The number of people who have died from COVID-19 in Allegheny County now stands at 18, triple the death count from just three days ago.
Johns Hopkins University infectious disease expert Dr. Amesh Adalja said it’s essential to look at the number of deaths in the context of the rate of growth of total cases and hospitalizations.
“It's important to remember that even if cases are stabilizing or hospitalizations are stabilizing, you'll still see deaths increase,” Adalja said. “Death will be the last one to decline because of the time frame, because you’re always looking back.”
According to a paper published this week in the journal Emerging Infectious Disease, data from China suggest that the time from initial symptom onset to death is just over two weeks.
“I think we are seeing an increase in the number of deaths of these patients who have been ill for a while and have now tragically passed away,” said Pennsylvania Health Secretary Rachel Levine on Friday afternoon.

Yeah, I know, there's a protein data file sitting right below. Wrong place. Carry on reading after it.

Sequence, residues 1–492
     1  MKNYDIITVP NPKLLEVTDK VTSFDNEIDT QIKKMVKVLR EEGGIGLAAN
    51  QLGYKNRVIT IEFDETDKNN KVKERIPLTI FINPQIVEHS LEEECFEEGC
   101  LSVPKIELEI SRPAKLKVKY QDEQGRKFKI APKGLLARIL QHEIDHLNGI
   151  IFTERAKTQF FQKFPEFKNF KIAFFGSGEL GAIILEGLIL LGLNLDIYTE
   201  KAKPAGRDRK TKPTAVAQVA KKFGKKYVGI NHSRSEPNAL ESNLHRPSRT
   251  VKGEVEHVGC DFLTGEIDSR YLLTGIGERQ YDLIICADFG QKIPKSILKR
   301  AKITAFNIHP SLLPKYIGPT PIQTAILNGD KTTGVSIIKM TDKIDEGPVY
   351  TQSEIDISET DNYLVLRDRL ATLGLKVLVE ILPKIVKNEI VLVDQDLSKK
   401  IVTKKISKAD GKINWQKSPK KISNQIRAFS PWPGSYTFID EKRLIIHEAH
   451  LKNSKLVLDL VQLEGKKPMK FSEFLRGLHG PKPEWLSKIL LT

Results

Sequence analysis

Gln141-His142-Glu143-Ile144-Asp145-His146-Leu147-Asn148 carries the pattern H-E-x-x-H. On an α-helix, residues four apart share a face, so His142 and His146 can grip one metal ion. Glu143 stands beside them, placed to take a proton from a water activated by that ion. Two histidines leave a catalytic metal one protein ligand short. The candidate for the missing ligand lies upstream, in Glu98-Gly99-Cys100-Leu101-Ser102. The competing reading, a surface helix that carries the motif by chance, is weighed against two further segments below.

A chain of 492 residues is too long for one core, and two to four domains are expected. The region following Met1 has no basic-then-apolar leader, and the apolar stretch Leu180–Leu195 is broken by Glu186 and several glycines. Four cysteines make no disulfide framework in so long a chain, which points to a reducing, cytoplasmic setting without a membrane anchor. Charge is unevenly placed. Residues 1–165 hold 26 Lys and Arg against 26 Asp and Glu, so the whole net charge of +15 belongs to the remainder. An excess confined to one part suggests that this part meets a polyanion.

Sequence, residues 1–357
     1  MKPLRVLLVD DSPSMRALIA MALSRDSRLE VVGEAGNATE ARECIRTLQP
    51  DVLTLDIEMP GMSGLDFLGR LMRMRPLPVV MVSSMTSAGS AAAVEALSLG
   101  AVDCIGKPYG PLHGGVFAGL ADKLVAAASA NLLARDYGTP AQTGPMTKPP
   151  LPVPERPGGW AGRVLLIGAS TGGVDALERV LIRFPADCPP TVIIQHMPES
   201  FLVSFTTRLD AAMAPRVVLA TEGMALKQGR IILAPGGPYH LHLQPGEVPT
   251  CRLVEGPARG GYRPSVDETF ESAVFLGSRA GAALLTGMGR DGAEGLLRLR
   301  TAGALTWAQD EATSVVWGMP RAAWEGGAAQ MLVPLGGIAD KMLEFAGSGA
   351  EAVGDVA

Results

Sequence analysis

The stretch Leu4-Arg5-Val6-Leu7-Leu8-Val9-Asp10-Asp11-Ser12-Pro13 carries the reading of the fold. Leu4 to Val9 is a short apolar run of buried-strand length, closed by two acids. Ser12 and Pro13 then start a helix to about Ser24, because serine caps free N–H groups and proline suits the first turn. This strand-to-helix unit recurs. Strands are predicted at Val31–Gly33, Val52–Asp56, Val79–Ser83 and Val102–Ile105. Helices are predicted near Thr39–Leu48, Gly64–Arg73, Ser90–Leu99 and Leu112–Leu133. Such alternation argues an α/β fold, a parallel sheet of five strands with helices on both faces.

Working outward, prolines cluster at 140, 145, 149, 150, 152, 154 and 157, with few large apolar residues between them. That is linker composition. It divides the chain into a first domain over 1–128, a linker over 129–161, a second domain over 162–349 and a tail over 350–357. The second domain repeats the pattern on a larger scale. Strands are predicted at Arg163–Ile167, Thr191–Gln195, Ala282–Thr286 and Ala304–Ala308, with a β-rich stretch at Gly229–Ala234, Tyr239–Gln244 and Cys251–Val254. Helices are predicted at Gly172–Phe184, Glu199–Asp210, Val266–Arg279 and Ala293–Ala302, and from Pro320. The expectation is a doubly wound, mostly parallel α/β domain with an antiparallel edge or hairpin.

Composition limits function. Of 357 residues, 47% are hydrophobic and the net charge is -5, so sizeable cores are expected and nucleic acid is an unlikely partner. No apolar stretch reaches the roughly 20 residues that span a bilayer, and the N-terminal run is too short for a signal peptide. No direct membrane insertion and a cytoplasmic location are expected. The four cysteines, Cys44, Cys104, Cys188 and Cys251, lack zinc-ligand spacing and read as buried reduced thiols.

In Allegheny County, the rate of increase in total cases has been steadily declining since the first cases were announced in mid-March. Since April 5, the rate of growth has been under 10 percent each day, while previously rates have ranged anywhere from 9 percent to 100 percent (when the case count jumped from one to two). Officials have said this is evidence that social distancing measures are working.
Meanwhile, the rate of increase of hospitalizations has ranged from 15 percent to 25 percent since mid-March. In the past week, it’s held steady at about 15 percent.
“I would really look at hospitalizations and cases, and hospitalizations more so than cases, and then deaths will come down as the number of cases comes down,” Adalja said.
Allegheny County has not provided data about how many people are hospitalized with COVID-19 at any given time.
Allegheny County did not immediately respond to a request for comment on the latest data.